Classes will consist of three 1.5-hour group sessions, presented by a certified diabetes nurse educator from the hospital’s Diabetes Wellness Center. Topics covered will include nutritional education, carbohydrate vs. protein, the importance of exercise for good health, and awareness of complications caused by uncontrolled diabetes.

The class will meet October 12, 19, and 26, from 5:30 to 7:00 pm in the Annex Building at North Hawaii Community Hospital. There is no charge for these classes and pre-registration is required. Please call 881-4832 to register or for more information.

Hawai‘i International AgriTourism Symposium

Hawai‘i AgriTourism Association (HATA) will host the state’s first Hawai‘i International AgriTourism Symposium on October 15, 2016 at the College of Hawaiian Language: Ka Haka ‘Ulu O Ke‘elikōlani, in Hilo. Industry experts from Hawai‘i, New Zealand and Japan will share their forecasts, trends and tips on how they compete on a global stage. They will share what visitors from their regions are looking to experience in AgriTourism, as well as perspectives on how they have diversified agricultural operations in innovative ways to increase profitability, reduce risk, and protect rural communities.

ag-conference-2016This global symposium aims to help people get on trend with the connections between agriculture and travel/tourism. The industry is an “economic multiplier” that impacts restaurants, lodging, health, and education. For every dollar spent at an AgriTourism farm, an additional $2.25 is spent within the community in food, fuel, and retail. The ripple effect continues with home based and small businesses that create value add products from the farm crop such as jams, baked goods, and beauty or health products.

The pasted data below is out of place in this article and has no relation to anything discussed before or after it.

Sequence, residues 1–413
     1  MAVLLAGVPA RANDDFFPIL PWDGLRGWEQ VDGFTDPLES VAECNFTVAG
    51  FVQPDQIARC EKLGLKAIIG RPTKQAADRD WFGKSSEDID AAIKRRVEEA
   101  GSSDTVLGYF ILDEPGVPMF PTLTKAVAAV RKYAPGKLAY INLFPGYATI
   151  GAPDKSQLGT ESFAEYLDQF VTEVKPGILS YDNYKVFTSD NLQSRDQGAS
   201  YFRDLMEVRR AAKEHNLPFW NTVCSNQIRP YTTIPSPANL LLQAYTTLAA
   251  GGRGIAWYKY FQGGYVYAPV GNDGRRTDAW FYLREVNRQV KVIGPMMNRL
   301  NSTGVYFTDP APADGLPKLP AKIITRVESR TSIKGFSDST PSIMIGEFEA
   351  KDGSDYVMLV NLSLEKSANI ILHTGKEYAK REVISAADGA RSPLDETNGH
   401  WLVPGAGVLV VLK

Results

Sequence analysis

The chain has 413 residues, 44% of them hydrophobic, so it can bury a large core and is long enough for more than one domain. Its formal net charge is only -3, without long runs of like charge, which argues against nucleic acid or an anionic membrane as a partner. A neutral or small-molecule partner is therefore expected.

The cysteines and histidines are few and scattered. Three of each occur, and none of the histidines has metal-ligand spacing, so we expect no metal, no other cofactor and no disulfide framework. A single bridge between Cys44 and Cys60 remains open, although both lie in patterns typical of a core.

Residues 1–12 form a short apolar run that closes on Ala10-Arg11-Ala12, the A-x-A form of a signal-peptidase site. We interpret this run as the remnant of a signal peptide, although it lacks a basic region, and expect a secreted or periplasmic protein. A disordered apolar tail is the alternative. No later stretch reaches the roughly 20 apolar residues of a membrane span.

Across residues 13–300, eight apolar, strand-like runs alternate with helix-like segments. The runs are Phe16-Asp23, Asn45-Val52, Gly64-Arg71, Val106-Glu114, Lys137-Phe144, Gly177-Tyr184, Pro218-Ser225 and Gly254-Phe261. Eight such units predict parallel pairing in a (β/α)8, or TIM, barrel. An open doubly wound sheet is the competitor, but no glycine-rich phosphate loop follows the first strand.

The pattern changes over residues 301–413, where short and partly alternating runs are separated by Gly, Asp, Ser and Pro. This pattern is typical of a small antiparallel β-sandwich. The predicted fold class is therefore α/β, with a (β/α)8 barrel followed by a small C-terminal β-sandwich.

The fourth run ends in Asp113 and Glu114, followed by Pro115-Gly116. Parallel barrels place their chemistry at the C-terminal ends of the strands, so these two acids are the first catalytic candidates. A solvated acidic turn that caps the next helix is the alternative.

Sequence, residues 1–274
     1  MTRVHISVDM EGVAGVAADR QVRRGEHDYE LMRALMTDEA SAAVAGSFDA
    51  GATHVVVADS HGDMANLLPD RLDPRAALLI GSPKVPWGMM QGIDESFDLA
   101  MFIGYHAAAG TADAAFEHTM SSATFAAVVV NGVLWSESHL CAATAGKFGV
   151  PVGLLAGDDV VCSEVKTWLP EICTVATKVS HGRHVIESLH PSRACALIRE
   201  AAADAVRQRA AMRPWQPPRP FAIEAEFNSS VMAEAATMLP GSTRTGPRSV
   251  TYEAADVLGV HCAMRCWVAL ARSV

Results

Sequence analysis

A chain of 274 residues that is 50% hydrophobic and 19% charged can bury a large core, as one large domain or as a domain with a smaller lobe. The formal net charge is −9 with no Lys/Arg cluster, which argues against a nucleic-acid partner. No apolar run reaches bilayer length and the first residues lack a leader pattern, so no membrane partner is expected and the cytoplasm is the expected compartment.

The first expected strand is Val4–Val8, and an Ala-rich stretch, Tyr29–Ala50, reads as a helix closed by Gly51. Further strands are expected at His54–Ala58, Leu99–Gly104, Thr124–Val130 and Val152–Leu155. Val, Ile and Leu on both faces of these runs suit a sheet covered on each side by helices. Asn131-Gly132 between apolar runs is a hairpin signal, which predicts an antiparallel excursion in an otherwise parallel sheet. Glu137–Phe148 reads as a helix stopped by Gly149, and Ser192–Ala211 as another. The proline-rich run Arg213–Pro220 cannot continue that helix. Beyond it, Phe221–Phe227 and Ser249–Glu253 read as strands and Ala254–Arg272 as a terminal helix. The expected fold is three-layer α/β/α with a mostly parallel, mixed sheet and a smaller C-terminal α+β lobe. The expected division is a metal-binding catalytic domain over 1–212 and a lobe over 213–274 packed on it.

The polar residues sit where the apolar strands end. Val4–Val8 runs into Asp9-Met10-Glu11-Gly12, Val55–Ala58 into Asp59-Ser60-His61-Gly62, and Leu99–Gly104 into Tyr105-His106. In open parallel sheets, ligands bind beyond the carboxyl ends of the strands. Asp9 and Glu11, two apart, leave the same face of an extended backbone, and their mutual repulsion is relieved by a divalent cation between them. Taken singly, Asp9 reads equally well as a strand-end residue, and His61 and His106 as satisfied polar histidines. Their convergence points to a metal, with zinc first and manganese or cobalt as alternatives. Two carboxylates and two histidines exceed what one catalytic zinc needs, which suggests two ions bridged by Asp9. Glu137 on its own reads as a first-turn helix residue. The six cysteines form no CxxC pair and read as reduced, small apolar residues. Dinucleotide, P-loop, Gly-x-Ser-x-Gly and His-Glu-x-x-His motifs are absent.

ag-conference

As a popular and highly marketable segment of Hawai‘i’s $10-billion dollar visitor industry, AgriTourism is poised to take off in the next decade. It’s not only a viable part of the economy; it’s also an important way to preserve our island lifestyles and culture.

AgriTourism offers farmers and small businesses an incredible opportunity to expand their business using creative approaches, and innovative partnerships.  This symposium will show how the state’s largest economic industries, tourism and agriculture, merge to create economic diversity and innovation that visitors will pay for.

Farmers who include an AgriTourism component in their marketing plan can see substantial financial benefits. AgriTourism can provide the difference between a profitable and an unprofitable farming operation, and between a sustainable and an unsustainable agricultural region. With the potential of this niche market expanding at such a fast pace, there has never been a better time to learn more about AgriTourism.